Soaring over the slums of Colombia's second largest city, Medellin's "cable car of the poor" has revolutionized this former drug lord fiefdom and inspired other violent Latin American cities.
The city of 2.5 million, long considered one of the most dangerous places on the planet, has seen crime rates fall and neighborhood life return thanks to new public services in some of its poorest areas.
At the center of the strategy to reclaim the slums is a transportation system that now includes subways, the cable car, hillside escalators and even public libraries at metro stations.
It "creates a sense of belonging," said Juliana Correa, communications director for the Metro de Medellin.
"Before, the people of the hillside slums would say, 'I'm going down to Medellin.' Now they feel part of the city," he said.
At the Acevedo station, where the subway and Metrocable meet, a huge library welcomes residents from the gritty neighborhoods surrounding it -- and also tourists who ride the cable car for the spectacular birds eye views of the city.
"This was a very violent neighborhood, not that busy, so there was no transportation," Luz Valdes, at a small grocery store just outside the station, told AFP.
"Now there are many jobs and many tourists from far away visit the neighborhood because it's very nice with the Metrocable and library."
'Dark, long night'
It is all a far cry from just a few years ago.
Medellin went through "a dark, long and painful night", the mayor, Anibal Gaviria, told AFP, referring to the 1990s, when the drug lord Pablo Escobar unleashed a wave of violence.
Then, the city had a startling homicide rate of 380 per 100,000 inhabitants and the dubious distinction of being known as the murder capital of the world.
Last year, the murder rate was 10 times lower according to the mayor. Other studies support the claim that there has been a sharp drop in violence.
To change the dynamic local governments have employed a kind of "urban acupuncture," bringing to bear a welter of programs designed to reach long neglected shantytowns.
With an $88 million budget in 2014, the plan provides transportation at critical points and promotes education, culture, health and the deployment of security forces.
The Metrocable opened in 2004, and the subway system has also added on a bicycle rental service.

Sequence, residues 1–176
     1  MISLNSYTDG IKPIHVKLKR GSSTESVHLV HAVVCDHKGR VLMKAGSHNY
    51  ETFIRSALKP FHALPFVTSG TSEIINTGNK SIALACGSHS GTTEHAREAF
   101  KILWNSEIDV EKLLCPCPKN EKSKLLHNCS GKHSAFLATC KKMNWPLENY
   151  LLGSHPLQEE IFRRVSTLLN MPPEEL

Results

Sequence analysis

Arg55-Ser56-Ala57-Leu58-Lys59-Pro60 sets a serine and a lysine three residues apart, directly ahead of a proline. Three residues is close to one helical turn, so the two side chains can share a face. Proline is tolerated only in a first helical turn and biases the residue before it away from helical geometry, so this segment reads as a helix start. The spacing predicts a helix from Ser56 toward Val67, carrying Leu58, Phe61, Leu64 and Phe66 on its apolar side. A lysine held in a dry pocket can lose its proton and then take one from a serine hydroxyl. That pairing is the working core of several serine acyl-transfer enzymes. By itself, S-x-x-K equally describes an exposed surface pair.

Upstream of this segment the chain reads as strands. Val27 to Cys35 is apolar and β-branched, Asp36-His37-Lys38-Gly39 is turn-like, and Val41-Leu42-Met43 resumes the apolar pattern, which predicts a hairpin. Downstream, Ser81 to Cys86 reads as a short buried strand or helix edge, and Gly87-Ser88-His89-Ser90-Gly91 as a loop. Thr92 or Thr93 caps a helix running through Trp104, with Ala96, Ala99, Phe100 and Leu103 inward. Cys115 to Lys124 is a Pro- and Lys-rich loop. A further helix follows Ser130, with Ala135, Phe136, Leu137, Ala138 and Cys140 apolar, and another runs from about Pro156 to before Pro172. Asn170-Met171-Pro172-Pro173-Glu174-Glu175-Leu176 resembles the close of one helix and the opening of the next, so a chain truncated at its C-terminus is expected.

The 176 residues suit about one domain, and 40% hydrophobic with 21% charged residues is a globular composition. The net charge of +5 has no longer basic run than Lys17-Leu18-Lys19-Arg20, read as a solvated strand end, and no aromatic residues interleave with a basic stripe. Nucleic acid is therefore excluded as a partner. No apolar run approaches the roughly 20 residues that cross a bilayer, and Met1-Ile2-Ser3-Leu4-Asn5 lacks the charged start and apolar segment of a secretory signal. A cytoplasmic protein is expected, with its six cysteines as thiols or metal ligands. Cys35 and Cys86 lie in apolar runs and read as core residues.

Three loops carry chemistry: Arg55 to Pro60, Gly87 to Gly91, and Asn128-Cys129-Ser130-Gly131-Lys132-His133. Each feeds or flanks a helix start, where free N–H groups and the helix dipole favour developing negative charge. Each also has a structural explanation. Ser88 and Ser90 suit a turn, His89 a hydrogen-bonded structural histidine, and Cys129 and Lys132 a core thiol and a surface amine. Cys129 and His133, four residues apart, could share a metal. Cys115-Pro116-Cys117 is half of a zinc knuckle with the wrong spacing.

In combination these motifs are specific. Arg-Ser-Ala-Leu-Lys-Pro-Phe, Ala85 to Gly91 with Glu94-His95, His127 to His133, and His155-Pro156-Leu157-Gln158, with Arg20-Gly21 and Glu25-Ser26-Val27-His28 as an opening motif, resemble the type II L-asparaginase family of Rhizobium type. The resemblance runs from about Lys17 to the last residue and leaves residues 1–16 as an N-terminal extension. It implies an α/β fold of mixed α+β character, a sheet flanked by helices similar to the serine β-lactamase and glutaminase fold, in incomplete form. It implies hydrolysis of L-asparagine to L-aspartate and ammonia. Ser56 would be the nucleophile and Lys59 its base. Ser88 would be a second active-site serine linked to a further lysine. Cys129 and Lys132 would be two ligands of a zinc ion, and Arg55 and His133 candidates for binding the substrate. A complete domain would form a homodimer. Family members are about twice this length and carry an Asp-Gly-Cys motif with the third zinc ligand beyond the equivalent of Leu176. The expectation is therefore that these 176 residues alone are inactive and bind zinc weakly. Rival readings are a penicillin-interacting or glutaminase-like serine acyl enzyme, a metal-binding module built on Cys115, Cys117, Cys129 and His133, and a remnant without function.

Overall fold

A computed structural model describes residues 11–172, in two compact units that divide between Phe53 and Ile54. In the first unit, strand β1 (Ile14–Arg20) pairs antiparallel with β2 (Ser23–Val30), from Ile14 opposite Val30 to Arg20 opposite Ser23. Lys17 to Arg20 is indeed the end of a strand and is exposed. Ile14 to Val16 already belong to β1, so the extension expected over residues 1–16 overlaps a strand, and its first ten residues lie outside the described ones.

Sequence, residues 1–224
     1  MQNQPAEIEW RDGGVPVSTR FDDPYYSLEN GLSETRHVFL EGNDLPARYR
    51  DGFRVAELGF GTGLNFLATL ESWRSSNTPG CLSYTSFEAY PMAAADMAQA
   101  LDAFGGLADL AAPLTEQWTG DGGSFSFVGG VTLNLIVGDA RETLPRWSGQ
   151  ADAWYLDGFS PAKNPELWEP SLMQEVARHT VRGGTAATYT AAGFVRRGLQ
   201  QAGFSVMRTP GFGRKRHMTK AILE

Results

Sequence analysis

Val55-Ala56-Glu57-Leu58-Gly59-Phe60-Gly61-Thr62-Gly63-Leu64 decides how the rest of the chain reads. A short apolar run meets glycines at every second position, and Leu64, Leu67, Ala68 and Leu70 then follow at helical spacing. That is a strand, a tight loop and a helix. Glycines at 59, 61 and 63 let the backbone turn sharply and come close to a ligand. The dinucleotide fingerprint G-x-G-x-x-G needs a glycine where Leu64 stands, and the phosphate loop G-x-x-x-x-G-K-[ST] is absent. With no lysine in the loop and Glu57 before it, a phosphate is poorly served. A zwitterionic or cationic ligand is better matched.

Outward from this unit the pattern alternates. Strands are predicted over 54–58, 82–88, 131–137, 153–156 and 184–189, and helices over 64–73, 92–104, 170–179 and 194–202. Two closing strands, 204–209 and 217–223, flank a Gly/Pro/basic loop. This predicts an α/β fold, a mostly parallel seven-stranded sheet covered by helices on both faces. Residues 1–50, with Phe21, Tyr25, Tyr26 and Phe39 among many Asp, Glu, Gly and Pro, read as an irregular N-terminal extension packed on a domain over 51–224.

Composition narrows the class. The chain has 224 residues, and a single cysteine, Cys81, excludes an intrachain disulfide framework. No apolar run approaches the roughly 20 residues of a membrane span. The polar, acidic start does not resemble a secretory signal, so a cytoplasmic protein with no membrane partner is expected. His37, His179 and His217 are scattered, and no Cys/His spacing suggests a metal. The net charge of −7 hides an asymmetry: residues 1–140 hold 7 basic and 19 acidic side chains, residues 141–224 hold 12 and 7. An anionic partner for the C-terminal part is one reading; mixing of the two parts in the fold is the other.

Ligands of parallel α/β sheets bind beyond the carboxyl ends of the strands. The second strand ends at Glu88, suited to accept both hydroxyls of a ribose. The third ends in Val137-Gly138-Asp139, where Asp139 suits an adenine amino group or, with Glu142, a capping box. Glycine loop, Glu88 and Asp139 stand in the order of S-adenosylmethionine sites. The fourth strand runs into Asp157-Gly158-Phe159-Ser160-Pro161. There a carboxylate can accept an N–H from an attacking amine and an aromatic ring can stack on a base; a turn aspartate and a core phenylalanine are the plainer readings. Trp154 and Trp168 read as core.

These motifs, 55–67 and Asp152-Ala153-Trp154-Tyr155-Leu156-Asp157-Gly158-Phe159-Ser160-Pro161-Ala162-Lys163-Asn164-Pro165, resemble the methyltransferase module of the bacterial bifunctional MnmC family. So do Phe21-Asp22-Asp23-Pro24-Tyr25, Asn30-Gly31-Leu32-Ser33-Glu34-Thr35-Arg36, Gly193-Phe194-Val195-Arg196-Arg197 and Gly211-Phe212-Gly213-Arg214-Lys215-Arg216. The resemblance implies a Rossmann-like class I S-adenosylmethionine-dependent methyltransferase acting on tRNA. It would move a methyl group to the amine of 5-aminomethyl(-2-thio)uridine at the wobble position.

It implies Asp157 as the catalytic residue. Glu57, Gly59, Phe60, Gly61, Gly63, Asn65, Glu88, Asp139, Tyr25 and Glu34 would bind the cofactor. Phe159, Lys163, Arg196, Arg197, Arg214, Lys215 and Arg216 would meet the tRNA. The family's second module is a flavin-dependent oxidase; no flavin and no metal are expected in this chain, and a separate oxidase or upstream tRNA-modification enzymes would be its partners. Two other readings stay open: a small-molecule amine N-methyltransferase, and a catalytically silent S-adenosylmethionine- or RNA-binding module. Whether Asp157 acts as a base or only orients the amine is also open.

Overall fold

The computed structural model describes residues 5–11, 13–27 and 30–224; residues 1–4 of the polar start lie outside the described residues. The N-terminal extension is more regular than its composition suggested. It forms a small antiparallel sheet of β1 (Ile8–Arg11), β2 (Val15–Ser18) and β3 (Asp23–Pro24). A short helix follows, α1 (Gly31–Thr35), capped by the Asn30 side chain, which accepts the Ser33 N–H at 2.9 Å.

But the most striking initiative is a system of outdoor escalators that has served Comuna 13, one of the poorest and most violent areas in Medellin, since December 2011.
Instead of trudging up 350 concrete steps, residents take escalators now.
"Projects such as the Metrocable, the metro, the escalators and the libraries imply the presence of the state in places in the city that had been abandoned," Gaviria said.
'Cable car of the poor'
None of this is to say that Medellin does not still have considerable problems. In Comuna 1, which is served by a cable car, gangs maintain a discreet presence.
But Ferney Navarro, a resident of 32 years, told AFP: "There is more control from the authorities.
"Seeing so many tourists coming, the government has had to tighten control. Before we were totally abandoned, but now we have more protection."
A study by Columbia University in the United States found the homicide rate in the slums of Medellin where Metrocable serves dropped by 66 percent between 2003 and 2008.
This decrease coincides with a sharp drop in homicides in Colombia -- from 78 per 100,000 population in 1991 to 32 in 2012.
The rate, however, remains well above the Latin American average of 15.6 , according to the Organization of American States.
A secret of Medellin's success has been its ability to adapt initiatives that have worked elsewhere in the world.
At the same time, the city has become "an inspiration for other cities living difficult times," said the mayor.
Thus the Metrocable -- "the cable car of the poor" -- has been replicated in Curitiba, in southern Brazil, and Caracas, capital of Venezuela.
Since 2010 in San Agustin del Sur, in the west of Caracas, a Metrocable carries more than 40,000 people a day on a nine-minute ride from the foot of a mountain to the populous neighborhoods overhead.
That initiative's success led Venezuelan authorities to begin building another cable car serving Mariche neighborhood in February 2012.
Another is scheduled for December this year for Petare, the largest slum in the Venezuelan capital and one of the most overcrowded in Latin America.